STATEMENT FROM SENATOR RUTH HASSELL-THOMPSON ON RACE TO THE TOP LEGISLATION

 

On February 17, 2009, President Obama signed into law the American Recovery and Reinvestment Act of 2009.  Race to the Top is one part of this major federal stimulus package in which states compete for millions of dollars in funding for education.  In an effort to make New York’s application more competitive, the Legislature attempted to develop a bill that included new regulatory language to protect the interests of all students in our State. 


Much of the conversation about Race to the Top legislation has focused on one component of this bill, charter schools.  The reality is that the issue of charter schools is but a small part (less than 10%) of the application process.  The true focus of this funding is on how: 



  • To reduce the achievement gap so that all children have the opportunity to obtain a quality education;

  • To help us to develop and retain strong teachers and principals necessary to build successful schools;

  • To enhance our students chances for success in college and the workplace as well as their ability to compete in the global economy; and

  • To ensure that there is greater transparency in the education of our children.

 


Although increasing the cap on the number of charter schools might have made the process more competitive, supporters of charter schools were unwilling to adequately be overseen by the state even while expecting to use public funds.   The reluctance of the proponents of charter schools to have regulatory language included in this bill adversely ­­­­­­­­­­­­­­impacted our ability to come to an agreement.  Those proposing to create new charter schools would have to follow the guidelines of a request for proposal (RFP) approval process.  Additionally, this legislation would have eliminated for-profit management companies and corporations from competing for tax dollars and would have authorized the New York State Comptroller’s office to audit all new charter schools.  Some of these additional levels of transparency and accountability would have been: 


·        New York State Education Department (NYSED) would have oversight of charter lottery process.


·         Lottery process would be subject to open meetings law.


·         Common applications for students applying to charters would have to be produced in languages other than English to reflect the community’s composition.


·         All charters schools would be subject to new standards of accountability upon renewal, with annual reporting on the ongoing efforts to recruit and retain high need students.


·         Annual reports would have to be posted on charter school website.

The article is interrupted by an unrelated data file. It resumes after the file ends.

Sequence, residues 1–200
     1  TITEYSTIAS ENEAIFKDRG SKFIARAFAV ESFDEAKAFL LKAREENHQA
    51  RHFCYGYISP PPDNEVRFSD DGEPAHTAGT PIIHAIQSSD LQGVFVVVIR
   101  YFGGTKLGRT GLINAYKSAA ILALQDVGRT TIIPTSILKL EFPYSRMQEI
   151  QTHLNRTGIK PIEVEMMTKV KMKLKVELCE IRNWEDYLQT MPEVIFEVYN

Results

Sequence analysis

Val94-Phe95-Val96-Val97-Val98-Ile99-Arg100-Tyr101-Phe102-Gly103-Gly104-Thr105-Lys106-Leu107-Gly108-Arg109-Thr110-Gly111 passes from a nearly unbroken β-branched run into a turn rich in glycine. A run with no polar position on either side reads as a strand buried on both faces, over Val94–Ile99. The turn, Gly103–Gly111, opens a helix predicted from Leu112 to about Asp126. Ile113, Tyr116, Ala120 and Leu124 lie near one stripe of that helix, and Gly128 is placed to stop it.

·         Annual reports would have to be transmitted to local newspapers and made available to the public at board meetings.


·         Board meeting must be public and held at the location of the charter school.


·         Charter schools board members, officers and employees would be required to comply with codes of ethics and conflict of interest prohibitions, in the same manner as public schools.


Under current law, for profit and not-for-profit  management companies are allowed to partner with charter school applicants.  Not-for-profit education management companies would be authorized to contract with school boards for the purposes of managing individual schools within the district.   Under this new construct, local school boards, including New York City, would no longer be authorized to issue charters.  The support of  the school district in which the charter school would be located would be a consideration in the RFP process.


The Mayor of New York City and advocates of charter schools also opposed the section of legislation that would give parents of children attending an individual school the opportunity to have a strong role in approving the new placement of  charter schools in existing public school buildings.  This step is necessary because it ensures that the comments made by parents in this process are considered prior to the approval of a new school in that location. 


It should be noted that even without this new legislation, the New York State Education Department submitted an application for Phase One of this federal funding.  This legislation would have maximized New York’s eligibility for federal funds, while making our state’s educational infrastructure stronger without compromising what works.  No one can deny that it is an absolute priority that New York State do everything possible to guarantee that its children are well-educated and provided with the necessary tools to grow and prosper emotionally and intellectually.